“Many of the state’s higher education institutions are written into our constitution, so they cannot be eliminated, and it was recently concluded by
a task force that doing so would not help much,” Del Archuleta, one of two co-chairs heading up efforts to implement the town hall’s recommendations.
“With only so much money to be shared by our universities and colleges, what we can do is find ways for them to collaborate so that New Mexico
has a more cohesive educational system.”
Each of the six discussion groups was tasked with crafting a vision statement at the beginning of the town hall. For example, the discussion group
whose topic was titled “Student Success: High school preparedness and community college” envision that “[b]y 2028 New Mexico will lead the nation
in high school and post-secondary enrollment and graduation rates. K-12 and post-secondary improvements, incorporating experiential and relevant
learning has resulted in an increase in college and career readiness and living wages.”
Groups were then directed to propose two goals, each with three to five strategies on how to attain the goal. Goals and accompanying strategies had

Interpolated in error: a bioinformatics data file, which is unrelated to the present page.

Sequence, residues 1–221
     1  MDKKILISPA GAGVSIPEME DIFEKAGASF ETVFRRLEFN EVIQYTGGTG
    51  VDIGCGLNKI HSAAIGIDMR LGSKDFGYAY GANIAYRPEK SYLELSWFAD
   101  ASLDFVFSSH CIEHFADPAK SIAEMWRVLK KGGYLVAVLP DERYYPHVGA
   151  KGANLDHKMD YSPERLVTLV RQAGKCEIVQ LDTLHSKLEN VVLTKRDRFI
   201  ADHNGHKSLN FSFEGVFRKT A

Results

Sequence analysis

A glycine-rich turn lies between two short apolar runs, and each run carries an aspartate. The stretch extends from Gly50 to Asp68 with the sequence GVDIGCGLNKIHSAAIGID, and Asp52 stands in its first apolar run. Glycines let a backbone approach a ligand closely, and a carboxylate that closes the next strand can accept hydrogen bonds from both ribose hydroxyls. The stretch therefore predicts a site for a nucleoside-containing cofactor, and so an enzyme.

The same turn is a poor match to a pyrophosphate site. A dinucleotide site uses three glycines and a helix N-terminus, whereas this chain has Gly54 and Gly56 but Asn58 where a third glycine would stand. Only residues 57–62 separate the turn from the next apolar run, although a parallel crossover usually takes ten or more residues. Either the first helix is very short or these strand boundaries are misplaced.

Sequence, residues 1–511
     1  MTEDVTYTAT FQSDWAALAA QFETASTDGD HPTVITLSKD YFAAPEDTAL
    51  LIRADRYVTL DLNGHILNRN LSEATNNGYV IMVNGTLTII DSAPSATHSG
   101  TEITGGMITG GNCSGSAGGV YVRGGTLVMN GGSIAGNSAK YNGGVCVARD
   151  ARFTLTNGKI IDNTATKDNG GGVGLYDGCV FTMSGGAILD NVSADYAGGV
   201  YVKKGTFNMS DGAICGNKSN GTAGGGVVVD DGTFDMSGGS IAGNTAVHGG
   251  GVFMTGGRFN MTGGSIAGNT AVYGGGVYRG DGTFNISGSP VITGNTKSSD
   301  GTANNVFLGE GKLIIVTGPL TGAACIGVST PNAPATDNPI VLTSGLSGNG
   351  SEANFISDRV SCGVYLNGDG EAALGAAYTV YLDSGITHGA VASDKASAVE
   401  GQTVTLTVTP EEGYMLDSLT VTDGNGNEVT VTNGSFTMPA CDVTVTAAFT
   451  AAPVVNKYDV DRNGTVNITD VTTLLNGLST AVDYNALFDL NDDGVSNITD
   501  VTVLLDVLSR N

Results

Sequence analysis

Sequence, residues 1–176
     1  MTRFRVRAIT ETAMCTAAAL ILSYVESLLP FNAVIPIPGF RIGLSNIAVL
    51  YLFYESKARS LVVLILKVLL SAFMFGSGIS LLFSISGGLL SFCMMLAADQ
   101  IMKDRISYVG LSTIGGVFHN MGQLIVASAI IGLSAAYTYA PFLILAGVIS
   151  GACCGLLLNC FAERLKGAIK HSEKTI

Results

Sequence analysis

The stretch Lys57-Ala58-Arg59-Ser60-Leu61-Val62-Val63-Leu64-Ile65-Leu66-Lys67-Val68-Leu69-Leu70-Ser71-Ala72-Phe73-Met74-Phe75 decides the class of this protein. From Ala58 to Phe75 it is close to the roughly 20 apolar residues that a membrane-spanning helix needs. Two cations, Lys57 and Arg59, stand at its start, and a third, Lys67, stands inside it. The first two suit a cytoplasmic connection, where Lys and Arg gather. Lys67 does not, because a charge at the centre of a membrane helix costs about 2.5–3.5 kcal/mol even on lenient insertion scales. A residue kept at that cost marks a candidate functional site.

to receive a vote by the full town hall of 85 percent to move forward as a consensus-based recommendation.
Randy Grissom, a former Santa Fe Community College president and Archuleta’s implementation co-chair, said that detailed action plans of the recommendations
will be determined in the coming months as the implementation committee and sub-committees convene.
“Our job, after the town hall, is to work with the committee to winnow down that list to a small set for which we can advocate to the Legislature,”
Grissom said. “Implementing the full body of work created by the town hall will require even more New Mexicans’ rallying for these changes, and
we will work with community leaders, educators, the media and others to get it accomplished. New Mexico’s future depends on it.”